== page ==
Chinese Courts Use Social Media for "Transparency" (Don't Laugh)
One of the many miraculous attributes credited to social media by cyber-utopians is its ability to confer “transparency” upon the institutions that adopt it: by engaging with ordinary folks through the two-way channel of social media, the government, business, schools, non-profits and so on supposedly make themselves accountable to citizens who can now ask questions and demand information.
I say “supposedly” because the reality is a bit more complicated. Sure, institutions that adopt social media in good faith may make their inner workings more comprehensible and responsive to the people they are supposed to serve. But social media can also serve as a fig leaf for institutions with no intention of sharing their secrets or cleaning up their act -- a kind of sham transparency, offering the appearance of accountability but none of its substance.
See Exhibit A: Zhou Qiang, the president and chief judge of China’s Supreme People’s Court, has issued a directive to that country’s judiciary to using social media, including Weibo, the Chinese version of Twitter, to make court operations more “transparent.” No really: according to China Daily, “the State Council said in a statement that all government departments should publish authorized information on new media and interact with the public online.”
This directive is clearly intended to create the appearance that China enjoys the rule of law, or at the very least is making progress towards it. And if you believe that, I have a Great Wall you may be interested in buying.
Now, it’s certainly possible that Chinese courts will share information about more mundane cases, the ordinary criminal prosecutions which are handled in China much as they are elsewhere: China has murder, rape, and property crime like any other country, and unsurprisingly some of these cases get the media spotlight and capture the public’s interest. And by showing courts dealing with these cases more or less competently, Chinese officials doubtless hope to bolster confidence in the judiciary overall.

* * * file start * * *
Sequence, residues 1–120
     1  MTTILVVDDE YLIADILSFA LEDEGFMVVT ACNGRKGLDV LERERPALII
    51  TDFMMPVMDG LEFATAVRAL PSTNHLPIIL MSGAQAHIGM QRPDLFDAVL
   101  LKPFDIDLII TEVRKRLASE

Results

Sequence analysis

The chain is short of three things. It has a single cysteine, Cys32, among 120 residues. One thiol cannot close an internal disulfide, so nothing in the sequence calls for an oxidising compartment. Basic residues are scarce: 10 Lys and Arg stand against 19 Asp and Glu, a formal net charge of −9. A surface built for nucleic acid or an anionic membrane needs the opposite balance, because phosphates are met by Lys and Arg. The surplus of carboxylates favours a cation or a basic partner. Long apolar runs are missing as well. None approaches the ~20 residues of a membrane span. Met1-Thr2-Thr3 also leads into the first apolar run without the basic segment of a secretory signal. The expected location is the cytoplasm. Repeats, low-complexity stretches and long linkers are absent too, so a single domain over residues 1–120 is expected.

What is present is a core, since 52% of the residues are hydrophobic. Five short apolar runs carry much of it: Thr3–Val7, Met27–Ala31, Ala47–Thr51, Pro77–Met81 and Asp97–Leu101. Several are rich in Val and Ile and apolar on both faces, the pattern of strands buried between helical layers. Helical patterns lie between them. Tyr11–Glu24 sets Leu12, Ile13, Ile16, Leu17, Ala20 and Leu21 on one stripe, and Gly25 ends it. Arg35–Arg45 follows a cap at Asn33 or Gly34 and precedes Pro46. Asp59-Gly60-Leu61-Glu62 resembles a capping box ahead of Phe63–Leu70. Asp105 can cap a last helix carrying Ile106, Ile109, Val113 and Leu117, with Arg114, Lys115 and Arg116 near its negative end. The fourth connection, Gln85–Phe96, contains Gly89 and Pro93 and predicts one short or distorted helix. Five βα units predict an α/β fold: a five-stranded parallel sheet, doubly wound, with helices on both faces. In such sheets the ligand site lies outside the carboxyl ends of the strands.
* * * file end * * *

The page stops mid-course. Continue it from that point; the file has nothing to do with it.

But what really determines whether a country enjoys the rule of law is not how much information courts share about ongoing prosecutions or the sentences they hand down: Stalin’s show trials were highly publicized, and for good reason. Rather, it’s what prosecutions are opened in the first place -- and it’s no secret that most cases of corruption in China never see the light of day, as top officials are basically immune from legal oversight (as long as they play by the rules and don’t get too greedy).
On this note it’s no coincidence that China is also cracking down on social media “rumors” -- one of the few channels through which ordinary citizens might be able to call out corrupt officials. According to a new rule handed down by China’s highest court and chief prosecutor, anyone who posts “online rumors” which are then viewed by over 5,000 Internet users, or re-posted over 500 times, can be charged with defamation and sentenced to up to three years in jail.